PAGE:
Toolkit to Start Retirement Planning
When and how you plan for retirement can make a huge difference in when you can ditch your job and how enjoyable life will be when you do. Of course, the ideal route is to start saving as soon as you start working. If you land up with your first job in your early 20s, it can be very helpful to start stashing away cash. Proper retirement planning must be tailored to your current financial situation, as well as your future goals and dreams. Here’s how you can get them both in alignment, no matter what age you are today.
In your 20s
As young adults, we’re often told to start saving for retirement. But with the pressure of making ends meet and the allure of instant gratification, many of us find it difficult to think about our future selves. Although it may be difficult to understand at the time, there are many benefits of early retirement planning that can positively impact the employment and retirement choices you have later in life. Pay off your debts, student/education loan as soon as possible. Work on your emergency savings (three to six months of living expenses) at the same time that you pay off these debts. Save at least 15% of your pre-tax income each year for retirement, which includes any contributions you may get from your employer if you have an EPF account. Try to increase the employer match.
In your 30s
At this age, you may already feel the burden of taking care of aging parents or young dependents. Student loans may linger, but your income is probably reaching new heights. Dump as much money as possible into your EPF account. Remember you get tax benefits also when you save in EPF. The next 1.5 Lacs pa you should plan for opening a PPF account. Beyond this, look at the stock market. You can afford to be riskier—consider medium to high-risk options that can skyrocket your gains over the next 10 to 20 years. Invest in the right portfolio. Sure, Bitcoin sounds sexy, but with a 20-year time horizon, you have to be careful about risks. Big bets can result in big losses that could delay retirement by years. Consider medium-risk investment portfolios: 50 percent to 60 percent as large-cap stocks, and the rest in lesser risky assets like bonds, gold, and other stable commodities.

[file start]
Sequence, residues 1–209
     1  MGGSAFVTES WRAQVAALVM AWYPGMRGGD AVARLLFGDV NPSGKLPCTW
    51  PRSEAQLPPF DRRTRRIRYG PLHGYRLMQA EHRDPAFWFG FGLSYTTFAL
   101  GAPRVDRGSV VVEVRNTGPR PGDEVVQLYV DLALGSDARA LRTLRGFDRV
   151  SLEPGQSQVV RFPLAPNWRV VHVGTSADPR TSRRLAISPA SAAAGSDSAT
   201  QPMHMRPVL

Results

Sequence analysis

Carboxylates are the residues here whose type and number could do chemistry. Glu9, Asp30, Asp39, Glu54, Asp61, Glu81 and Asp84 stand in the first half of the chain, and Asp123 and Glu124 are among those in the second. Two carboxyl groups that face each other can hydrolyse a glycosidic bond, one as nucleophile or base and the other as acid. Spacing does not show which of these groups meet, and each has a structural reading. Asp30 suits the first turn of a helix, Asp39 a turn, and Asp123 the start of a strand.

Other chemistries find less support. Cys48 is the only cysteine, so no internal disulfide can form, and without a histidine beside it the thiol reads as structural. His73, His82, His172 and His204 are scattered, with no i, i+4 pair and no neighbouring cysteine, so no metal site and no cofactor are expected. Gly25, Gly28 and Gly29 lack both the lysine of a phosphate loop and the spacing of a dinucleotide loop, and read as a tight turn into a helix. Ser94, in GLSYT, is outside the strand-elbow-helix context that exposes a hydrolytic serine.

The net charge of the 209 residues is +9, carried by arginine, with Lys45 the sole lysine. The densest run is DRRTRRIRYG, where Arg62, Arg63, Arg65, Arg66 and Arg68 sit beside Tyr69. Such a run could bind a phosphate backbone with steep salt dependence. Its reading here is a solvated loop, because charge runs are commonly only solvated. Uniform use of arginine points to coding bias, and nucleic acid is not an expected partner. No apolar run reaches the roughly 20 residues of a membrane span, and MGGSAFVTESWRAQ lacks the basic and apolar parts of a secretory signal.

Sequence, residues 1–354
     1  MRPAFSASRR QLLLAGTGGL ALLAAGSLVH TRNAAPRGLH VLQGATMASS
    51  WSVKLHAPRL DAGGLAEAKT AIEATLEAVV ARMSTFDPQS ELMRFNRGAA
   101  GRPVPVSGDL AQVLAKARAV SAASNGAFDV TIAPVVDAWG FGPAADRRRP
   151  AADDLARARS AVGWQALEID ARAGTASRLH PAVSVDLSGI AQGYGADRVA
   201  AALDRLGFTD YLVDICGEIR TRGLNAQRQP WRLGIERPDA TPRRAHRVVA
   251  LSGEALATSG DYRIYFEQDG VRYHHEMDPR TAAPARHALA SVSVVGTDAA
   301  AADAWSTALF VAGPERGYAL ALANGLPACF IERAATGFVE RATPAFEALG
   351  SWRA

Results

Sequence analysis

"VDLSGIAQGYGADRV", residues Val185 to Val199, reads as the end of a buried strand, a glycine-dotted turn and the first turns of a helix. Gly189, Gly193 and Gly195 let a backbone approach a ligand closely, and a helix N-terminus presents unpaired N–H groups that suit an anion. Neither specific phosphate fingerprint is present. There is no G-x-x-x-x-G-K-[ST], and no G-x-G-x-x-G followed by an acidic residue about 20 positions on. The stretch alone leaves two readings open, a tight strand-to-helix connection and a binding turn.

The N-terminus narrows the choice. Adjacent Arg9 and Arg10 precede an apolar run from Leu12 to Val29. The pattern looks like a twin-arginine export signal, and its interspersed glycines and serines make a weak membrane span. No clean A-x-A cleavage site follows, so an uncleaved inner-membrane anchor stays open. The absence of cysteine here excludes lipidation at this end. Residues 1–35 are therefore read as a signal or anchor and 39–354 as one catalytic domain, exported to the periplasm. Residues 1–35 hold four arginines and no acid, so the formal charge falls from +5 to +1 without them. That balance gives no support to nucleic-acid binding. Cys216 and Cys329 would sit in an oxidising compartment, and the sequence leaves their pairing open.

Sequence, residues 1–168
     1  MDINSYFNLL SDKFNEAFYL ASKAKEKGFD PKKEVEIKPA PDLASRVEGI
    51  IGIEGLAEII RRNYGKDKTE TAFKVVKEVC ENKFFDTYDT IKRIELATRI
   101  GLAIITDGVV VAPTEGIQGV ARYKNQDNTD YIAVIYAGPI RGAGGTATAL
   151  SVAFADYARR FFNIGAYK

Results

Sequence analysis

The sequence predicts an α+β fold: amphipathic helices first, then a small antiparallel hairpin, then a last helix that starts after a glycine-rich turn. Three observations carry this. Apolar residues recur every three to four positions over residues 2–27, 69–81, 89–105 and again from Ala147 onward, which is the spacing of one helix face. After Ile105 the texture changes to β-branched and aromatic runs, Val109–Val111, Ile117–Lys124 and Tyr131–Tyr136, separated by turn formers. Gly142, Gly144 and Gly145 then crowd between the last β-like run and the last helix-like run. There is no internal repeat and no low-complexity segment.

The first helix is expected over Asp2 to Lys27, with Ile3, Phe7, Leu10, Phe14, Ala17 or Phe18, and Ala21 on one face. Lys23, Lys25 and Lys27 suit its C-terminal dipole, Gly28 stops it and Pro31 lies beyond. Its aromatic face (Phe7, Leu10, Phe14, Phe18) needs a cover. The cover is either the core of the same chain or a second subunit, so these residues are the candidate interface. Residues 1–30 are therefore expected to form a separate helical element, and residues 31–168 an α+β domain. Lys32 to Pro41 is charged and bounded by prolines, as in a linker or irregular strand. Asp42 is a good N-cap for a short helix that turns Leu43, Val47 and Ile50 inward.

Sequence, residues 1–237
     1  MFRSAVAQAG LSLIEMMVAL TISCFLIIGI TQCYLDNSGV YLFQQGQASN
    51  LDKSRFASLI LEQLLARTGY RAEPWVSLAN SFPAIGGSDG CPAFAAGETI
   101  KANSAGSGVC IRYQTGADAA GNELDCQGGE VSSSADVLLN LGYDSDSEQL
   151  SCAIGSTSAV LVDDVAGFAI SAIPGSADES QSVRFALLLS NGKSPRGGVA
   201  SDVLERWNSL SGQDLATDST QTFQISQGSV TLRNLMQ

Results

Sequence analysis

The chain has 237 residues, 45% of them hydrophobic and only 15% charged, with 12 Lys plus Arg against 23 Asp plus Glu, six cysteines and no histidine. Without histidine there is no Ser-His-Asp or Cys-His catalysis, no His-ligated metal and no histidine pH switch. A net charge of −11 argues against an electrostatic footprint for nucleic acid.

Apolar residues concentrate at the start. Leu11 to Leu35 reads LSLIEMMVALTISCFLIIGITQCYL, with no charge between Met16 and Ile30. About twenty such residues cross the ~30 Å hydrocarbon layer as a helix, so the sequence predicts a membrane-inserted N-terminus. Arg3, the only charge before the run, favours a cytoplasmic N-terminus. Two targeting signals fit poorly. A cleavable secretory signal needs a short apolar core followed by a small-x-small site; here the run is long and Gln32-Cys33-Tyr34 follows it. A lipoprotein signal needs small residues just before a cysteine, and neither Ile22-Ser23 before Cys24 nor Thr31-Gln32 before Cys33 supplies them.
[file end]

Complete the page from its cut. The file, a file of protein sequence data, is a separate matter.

In your 40s
Track your spending. Your 40s is when keeping up with the Joneses really kicks in. Family vacations ramp up, kids’ expenses double or triple, and you start to feel like you’ve worked hard for the good things in life. The truth is that inflation is making the cost of basic needs very expensive, so you’ll need to be careful about excess spending today that could rob you of your carefree future. Make sure you’re properly insured. As you age, health risks and the cost of health insurance increase. No matter how much you have saved, it can easily be wiped out by a medical expense that isn’t properly covered.
In your 50s
It’s usually the time when the nest becomes empty. Kids are off to college. You may not need the large house/apartment you might have built.Over time, homes can have accumulated a lot of equity that could be better leveraged to move to an appropriately located or better-sized home that wouldn’t cost as much to maintain. Think of how you can use your home to fund your future. Maybe lease out the existing house to have a recurring income. Get your accounts all sorted. Make sure nominees are all in place.
Everyone can retire with dignity. All you have to do is consistently invest 10 percent of whatever you make and forget that it exists until you actually retire.
The bottom line: Start now.
May 15, 2022